File Sizes from Samba Share are too High - CentOS 7 - Encrypted

My new server has CentOS7 installed. I’ve used LVM to span together 4 - 1TB drives into a large Logical Volume. I’ve encrypted the volume. I installed Samba and shared a folder.

It all works well until I look at the "size on disk" reported from Windows 10. The “Size On Disk” being reported is sometimes double the real size.

When I test the same from my Windows 7 workstation, the file sizes are reasonable. Please see screenshots attached.

Other NAS shares on my network don’t display this issue from W10 or W7. Is there a fix on the CentOS server for this?

Thank you!

John Caspary
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JohnMan777Asked:
Who is Participating?
 
McKnifeCommented:
YES!

I asked our Linux admin and this is what he did: 1st, open the man page for smb.conf (command: man smb.conf)
 Inside, you find this section:
"allocation roundup size". All the info needs to be considered.

To report correct sizes, open /etc/samba/smb.conf with vi or geany or whatever, move to the section [global] and set
allocation roundup size = 0 

Open in new window

Afterwards, restart the smb daemon (rcsmb restart).
Fixed.
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arnoldCommented:
You are encrypting the data,
Create a single character file and see what the inode size is.
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tfewsterCommented:
You missed describing a step - how did you create the filesystem on the volume?

"Size on disk" will be the minimum number of filesystem blocks* needed to hold the file. If the block size is 1kb, a file smaller than that still reserves a 1k block of disk. A 3.5k files needs 4 blocks. That's indicated by the W7 screenshots, assuming W7 has detected the filesystem blocksize correctly. W10 clearly hssn't, as it thinks the filesystem blocksize is 1mb.

* When new filesystems are created, mkfs formats the volume into blocks**, each with an address.  When a file is created, it's allocated one of those blocks. The inode (information node) for a file lists all the block addresses used for that file, and adds new blocks as the file expands.

** Block size is a trade-off between efficiency and physical space usage. Small blocks lead to file fragmentation and a large inode table to keep track of blocks, large blocks limit the number of files that can be stored.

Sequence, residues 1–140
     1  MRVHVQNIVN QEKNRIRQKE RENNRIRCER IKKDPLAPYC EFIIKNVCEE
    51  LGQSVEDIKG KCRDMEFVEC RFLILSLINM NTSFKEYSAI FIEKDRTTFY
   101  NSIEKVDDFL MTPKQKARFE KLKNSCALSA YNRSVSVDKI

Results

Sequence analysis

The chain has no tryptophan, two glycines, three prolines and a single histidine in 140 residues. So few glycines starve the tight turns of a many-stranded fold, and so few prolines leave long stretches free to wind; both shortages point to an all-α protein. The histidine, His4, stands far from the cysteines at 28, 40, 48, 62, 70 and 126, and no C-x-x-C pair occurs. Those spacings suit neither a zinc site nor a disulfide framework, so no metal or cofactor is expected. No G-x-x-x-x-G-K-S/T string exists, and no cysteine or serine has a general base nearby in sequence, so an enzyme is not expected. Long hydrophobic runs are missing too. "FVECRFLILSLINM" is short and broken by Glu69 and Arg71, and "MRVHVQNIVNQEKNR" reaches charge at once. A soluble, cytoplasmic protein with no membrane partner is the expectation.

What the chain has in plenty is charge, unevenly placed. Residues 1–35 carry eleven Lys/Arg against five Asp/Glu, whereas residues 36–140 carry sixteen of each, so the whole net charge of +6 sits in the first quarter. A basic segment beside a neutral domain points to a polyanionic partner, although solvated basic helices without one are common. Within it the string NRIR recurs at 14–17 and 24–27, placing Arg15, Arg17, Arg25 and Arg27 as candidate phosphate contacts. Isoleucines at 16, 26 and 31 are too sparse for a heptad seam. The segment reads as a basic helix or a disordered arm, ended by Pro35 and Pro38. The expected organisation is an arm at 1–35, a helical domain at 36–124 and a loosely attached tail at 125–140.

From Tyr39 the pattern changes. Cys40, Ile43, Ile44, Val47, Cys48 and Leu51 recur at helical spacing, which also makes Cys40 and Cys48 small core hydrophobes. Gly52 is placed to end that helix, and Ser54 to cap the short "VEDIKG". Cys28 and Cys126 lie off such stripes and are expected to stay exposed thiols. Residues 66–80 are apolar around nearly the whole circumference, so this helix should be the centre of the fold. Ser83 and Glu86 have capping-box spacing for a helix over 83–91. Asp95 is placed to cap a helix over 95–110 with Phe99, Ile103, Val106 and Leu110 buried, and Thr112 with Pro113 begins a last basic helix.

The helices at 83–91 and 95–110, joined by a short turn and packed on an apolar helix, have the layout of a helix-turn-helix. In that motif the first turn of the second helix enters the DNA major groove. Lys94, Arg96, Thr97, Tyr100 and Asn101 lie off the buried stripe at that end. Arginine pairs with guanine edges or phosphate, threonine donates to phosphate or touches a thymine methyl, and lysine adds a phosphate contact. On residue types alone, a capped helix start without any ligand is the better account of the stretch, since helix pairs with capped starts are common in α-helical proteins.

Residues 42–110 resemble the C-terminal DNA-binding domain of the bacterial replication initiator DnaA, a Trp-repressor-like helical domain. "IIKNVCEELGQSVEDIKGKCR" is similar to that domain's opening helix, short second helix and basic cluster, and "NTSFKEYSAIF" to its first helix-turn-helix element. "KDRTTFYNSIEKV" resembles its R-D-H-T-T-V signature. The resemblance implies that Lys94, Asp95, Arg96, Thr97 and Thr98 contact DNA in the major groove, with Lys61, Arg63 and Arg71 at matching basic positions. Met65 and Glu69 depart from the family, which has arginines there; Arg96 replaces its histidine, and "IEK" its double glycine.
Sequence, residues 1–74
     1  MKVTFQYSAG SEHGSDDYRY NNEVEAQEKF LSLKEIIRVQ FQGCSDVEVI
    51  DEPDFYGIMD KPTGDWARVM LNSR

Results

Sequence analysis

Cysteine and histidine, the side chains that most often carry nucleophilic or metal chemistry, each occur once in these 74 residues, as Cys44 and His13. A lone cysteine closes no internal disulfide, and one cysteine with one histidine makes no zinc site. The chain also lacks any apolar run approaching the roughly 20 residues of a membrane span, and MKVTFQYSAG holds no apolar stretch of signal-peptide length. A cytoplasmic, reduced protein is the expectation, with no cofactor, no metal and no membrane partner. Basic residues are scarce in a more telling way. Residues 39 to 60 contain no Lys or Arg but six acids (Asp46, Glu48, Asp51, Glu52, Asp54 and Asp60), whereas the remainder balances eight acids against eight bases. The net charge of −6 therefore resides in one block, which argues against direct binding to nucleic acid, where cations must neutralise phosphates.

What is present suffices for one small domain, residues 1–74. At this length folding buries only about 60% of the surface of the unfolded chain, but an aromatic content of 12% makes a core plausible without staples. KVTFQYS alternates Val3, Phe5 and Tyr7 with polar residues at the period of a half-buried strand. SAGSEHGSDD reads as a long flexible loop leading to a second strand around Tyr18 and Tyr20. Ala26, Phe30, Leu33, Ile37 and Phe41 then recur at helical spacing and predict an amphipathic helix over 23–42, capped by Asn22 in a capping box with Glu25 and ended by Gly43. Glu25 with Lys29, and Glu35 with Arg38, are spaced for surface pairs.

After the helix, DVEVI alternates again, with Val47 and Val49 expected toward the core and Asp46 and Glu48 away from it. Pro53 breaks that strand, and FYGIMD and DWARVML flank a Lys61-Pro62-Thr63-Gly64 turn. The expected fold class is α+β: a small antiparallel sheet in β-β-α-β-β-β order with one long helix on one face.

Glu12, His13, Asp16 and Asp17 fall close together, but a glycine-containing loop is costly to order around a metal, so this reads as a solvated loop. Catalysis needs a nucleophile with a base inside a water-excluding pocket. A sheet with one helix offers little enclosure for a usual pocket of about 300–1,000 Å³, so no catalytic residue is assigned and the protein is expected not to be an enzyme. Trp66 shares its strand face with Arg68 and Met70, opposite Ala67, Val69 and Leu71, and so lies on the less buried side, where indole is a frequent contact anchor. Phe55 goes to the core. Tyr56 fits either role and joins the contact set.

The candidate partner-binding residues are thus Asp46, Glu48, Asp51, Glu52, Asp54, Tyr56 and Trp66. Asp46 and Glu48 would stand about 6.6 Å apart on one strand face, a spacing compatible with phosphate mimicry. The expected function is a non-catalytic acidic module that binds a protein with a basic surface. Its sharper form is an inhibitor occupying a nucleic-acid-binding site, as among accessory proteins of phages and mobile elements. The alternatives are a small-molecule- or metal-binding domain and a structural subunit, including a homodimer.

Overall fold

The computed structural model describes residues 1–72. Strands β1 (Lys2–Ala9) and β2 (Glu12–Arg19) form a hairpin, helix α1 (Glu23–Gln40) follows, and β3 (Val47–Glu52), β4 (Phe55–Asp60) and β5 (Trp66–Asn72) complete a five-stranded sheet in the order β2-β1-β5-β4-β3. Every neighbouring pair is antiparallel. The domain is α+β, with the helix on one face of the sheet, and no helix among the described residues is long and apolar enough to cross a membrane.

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JohnMan777Author Commented:
tfewster,

What can be done to have Windows 10 show it correctly? Is this a bug in windows 10?

Thank you,

John
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JohnMan777Author Commented:
arnold,

How does one do that?

Thank you,

John
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McKnifeCommented:
John, simply ignore what windows tells you - it is wrong. 1 MB is wrong, check the file sizes on linux, everything is ok, it's a misdetection. We had exactly the same recently on a new samba file server.
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arnoldCommented:
As McKnife,
In the Linux in the samba share space, echo 'a' >test_file
ls -l test_file
This will tell you the minimum space
Another option
df -I
This will tell you how many inodes are available divide the total storage by the inode count. It will tell the how much space each inode represents.
On each mounted file system.
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JohnMan777Author Commented:
McKnife,

I believe your advise is the best. Simply ignore it.

However I believe Windows 7 is closer to the truth than Windows 10.  How can I get W10 to speak more honestly?

Thank you,

John
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JohnMan777Author Commented:
Arnold,

Here is the result you requested:

-rw-r--r--. 1 root root     2 Dec 14 08:07 test_file

I'd like a way for Windows 10 to display the result similar to Windows 7. If this isn't possible, I'll give up on this issue. It seems like a but in Samba or Windows 10.

Thank you,

John
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arnoldCommented:
look at df -i it reports the number of individual files that can be created on the partition.
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JohnMan777Author Commented:
Does anyone know how to get this fixed in windows 10?
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JohnMan777Author Commented:
Amazing! This fixed it. Thanks a million!
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